Today's initiatives are designed to improve two aspects of the free flow of goods in the EU:
Making it easier to sell a product in another EU country
The 'mutual recognition' principle ensures that products not subject to EU-wide regulation can, in principle, move freely within the Single Market, if they are lawfully marketed in one EU country. This principle should allow manufacturers to sell their products across Europe without any additional requirements. But this doesn't always work as it should. In practice, companies wishing to sell products such as shoes, tableware or furniture in another EU country often face barriers, delays and extra costs. To make the principle faster, simpler and clearer in practice, the Commission proposes a new Regulation on the Mutual Recognition of Goods. Companies will know if their products can be sold in another EU country in a couple of months, rather than years. They will also be able to use a voluntary declaration to demonstrate that their products meet all the relevant requirements in their country. This will make it easier for authorities of other EU countries to assess whether or not mutual recognition should apply. Similarly, a problem resolution mechanism will allow for a faster resolution of disputes between companies and national authorities. Training and exchanges among officials will further improve collaboration and trust among national authorities. This will not prevent national authorities from taking legitimate public policy concerns into account.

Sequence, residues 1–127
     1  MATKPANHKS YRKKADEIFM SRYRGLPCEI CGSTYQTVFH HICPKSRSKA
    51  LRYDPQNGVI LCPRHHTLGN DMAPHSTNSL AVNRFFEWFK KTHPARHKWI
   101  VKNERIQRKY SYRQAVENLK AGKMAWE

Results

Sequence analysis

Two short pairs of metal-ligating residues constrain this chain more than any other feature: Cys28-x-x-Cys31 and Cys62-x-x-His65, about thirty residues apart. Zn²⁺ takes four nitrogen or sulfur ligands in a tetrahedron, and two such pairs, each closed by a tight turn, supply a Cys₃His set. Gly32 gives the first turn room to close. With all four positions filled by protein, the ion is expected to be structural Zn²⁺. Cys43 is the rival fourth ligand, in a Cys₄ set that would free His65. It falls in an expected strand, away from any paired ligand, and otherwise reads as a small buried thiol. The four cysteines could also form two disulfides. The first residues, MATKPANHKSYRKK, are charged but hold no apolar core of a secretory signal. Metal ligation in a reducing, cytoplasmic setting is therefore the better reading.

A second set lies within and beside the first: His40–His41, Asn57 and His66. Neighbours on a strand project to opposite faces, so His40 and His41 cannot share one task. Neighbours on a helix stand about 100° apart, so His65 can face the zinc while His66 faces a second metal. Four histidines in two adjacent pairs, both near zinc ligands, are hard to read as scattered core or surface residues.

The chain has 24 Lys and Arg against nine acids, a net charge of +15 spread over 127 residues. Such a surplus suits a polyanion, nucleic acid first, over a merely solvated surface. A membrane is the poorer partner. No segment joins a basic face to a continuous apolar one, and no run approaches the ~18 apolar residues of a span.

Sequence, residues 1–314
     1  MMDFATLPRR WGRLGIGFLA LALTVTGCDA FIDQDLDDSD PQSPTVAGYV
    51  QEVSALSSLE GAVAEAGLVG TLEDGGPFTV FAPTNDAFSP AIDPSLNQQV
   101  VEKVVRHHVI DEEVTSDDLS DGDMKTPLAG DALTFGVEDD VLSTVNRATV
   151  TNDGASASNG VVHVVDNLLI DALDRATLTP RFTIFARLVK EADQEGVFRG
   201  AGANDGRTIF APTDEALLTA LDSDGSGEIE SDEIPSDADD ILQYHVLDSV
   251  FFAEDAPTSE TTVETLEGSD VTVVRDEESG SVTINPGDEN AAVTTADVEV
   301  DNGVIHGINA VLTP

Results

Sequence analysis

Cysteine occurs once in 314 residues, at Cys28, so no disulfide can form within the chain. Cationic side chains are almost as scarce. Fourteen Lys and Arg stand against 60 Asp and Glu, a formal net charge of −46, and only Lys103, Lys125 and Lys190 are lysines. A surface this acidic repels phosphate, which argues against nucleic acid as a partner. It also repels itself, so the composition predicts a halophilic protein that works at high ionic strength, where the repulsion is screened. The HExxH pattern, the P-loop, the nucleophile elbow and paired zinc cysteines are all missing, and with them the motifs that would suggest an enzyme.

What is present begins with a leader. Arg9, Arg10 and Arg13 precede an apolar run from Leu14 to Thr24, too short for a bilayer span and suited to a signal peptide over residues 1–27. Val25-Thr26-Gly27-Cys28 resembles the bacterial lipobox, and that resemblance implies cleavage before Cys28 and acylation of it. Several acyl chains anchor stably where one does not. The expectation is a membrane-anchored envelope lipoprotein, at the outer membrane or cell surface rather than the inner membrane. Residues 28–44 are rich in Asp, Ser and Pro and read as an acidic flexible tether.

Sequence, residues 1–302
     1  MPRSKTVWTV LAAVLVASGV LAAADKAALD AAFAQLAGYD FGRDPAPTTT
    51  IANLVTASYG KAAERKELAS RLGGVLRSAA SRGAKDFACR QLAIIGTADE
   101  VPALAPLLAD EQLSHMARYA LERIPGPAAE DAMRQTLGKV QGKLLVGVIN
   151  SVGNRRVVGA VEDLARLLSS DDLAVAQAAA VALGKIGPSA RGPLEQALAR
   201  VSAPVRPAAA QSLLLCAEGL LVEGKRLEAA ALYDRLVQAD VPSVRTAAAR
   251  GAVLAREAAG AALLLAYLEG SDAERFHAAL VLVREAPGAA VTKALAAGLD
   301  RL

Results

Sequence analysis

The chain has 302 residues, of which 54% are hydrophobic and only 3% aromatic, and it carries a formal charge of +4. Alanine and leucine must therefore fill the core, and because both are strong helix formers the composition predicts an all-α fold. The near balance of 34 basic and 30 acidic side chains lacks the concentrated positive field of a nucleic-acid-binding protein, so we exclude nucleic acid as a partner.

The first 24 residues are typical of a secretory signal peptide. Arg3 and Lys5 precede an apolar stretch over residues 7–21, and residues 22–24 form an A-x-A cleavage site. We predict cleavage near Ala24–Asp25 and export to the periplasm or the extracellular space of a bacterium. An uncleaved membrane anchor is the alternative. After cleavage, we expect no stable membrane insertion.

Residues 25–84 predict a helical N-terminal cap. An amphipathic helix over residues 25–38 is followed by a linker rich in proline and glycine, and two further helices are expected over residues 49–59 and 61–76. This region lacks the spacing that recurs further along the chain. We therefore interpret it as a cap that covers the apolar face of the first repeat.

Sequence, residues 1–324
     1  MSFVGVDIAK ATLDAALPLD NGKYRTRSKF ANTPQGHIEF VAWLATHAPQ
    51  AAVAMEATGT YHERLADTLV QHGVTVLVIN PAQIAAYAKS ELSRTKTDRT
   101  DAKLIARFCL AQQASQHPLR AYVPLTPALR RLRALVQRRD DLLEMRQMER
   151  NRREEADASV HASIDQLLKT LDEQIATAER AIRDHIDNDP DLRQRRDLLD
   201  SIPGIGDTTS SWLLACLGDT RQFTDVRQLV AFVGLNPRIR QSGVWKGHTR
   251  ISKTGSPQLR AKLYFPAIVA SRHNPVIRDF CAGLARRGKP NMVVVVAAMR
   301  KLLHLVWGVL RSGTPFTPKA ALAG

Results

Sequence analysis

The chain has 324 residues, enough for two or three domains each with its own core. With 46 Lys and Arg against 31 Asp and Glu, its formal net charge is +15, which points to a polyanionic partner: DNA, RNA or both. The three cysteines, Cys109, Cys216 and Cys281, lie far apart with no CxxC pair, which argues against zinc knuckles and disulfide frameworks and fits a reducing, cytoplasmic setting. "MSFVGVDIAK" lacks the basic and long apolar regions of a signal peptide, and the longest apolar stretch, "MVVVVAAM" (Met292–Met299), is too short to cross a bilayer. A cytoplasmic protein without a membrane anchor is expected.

Strengthen controls by national authorities to ensure that products are safe and comply with the rules
There are still too many unsafe and non-compliant products sold on the EU market: as many as 32% of toys, 58% of electronics, 47% of construction products or 40% of personal protective equipment inspected do not meet the requirements for safety or consumer information foreseen in EU legislation. This endangers consumers and puts compliant businesses at a competitive disadvantage. The draft Regulation on Compliance and Enforcement will help create a fairer internal market for goods, through fostering more cooperation among national market surveillance authorities. This will include sharing information about illegal products and ongoing investigations so that authorities can take effective action against non-compliant products. The Regulation will also help national authorities to improve checks on products entering the EU market. Since 30% of goods in the EU are imported, the Commission further proposes to reinforce inspections of ports and external borders.
The draft Regulations will now be sent to the European Parliament and Council for adoption. Once adopted, they will be directly applicable.
Full press release: Safe products in the EU Single Market: Commission acts to reinforce trust